Google wants to ensure that marketers are seeing the full picture of how their marketing dollars are being spent – and help them understand which clicks have the most impact on results.
How Google Attribution Works
The new Google Attribution model leverages machine learning to give a weighted value to each of the different touchpoints. This is a data-driven model designed to provide better insights in overall channel campaign performance. Data-driven models review all converting and non-converting paths, and give credit to the different touchpoints.
While multi-channel funnel attribution has been around for years, the new product – according to Google – will be faster and provide more in-depth details.
“It creates a prediction model that learns by weighting a set of touchpoints on how likely a user is to purchase something,” Babak Pahlavan, senior director of product management for analytics measurement at Google, said. “The presence and absence of marketing touchpoints across channels and across campaigns will either decrease or increase the likelihood of a conversion.”
The Google Attribution model uses the following machine-learning data to determine touchpoint value:
- Order of exposure
- Total ad interactions
- Ad creative
- Best-performing clicks and keywords
How to Leverage the New Model
It will take some time to understand how Google weighs each conversion. You might find it helpful to add secondary dimensions, including AdWords keywords, landing page, source, etc., to get more granular detail into what assets contributed to the conversion path. Google can pull in a variety of dimensions, adding more granular data to the overall metrics.
Google Attribution provides streamlined insights into overall campaign performance. You can pull in both online and offline data to create a comprehensive model of how campaigns are working together – or against each other. For example, you can upload offline conversion and cost data, and then this data will be added to the overall model. Then, adding in the weighted conversion path data, you can see which campaigns eventually led to the offline purchase.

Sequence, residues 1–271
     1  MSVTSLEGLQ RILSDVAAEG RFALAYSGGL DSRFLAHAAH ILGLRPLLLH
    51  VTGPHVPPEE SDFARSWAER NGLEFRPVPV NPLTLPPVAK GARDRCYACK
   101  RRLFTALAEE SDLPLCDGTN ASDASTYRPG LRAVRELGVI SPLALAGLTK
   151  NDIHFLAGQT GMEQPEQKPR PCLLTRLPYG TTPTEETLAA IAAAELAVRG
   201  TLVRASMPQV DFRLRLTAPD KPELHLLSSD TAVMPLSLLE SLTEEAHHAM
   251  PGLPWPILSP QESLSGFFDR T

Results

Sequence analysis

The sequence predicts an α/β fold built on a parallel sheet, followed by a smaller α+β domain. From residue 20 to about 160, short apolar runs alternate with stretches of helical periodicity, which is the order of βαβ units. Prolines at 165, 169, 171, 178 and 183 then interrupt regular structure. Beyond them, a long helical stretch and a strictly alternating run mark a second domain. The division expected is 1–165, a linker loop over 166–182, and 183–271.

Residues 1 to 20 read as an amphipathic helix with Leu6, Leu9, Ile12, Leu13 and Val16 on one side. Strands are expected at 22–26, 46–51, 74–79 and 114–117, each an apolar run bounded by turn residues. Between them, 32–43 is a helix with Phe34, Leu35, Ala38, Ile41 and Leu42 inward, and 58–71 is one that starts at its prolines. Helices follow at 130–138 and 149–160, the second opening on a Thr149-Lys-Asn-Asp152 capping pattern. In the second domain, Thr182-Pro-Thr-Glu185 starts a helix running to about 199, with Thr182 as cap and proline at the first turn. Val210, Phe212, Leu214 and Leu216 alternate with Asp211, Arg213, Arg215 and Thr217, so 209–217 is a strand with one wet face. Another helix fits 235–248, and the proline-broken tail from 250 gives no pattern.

Google Attribution makes it easier to justify the effectiveness of specific campaigns to stakeholders. In the past, a particular channel may have looked like it was failing, but it might have been supporting other campaigns. It was difficult to dig into this data even though multi-channel funnel reports have been available for a while now.
Before using Google Attribution, however, think about how you’re going to report on these new insights. If you’ve only ever reported on last-click attribution, your stakeholders will more than likely need a bit of training to understand the shift. Set up your reporting template with the new data, and be prepared to make changes as needed based on stakeholder feedback.
Also, experiment with the product. Since it’s extremely new, there are bound to be quirks and potentially data that you might not fully understand. Spend some time reviewing and thinking about what’s being reported. It will not only help your own learning, but also help you justify your reports when the inevitable questions arise.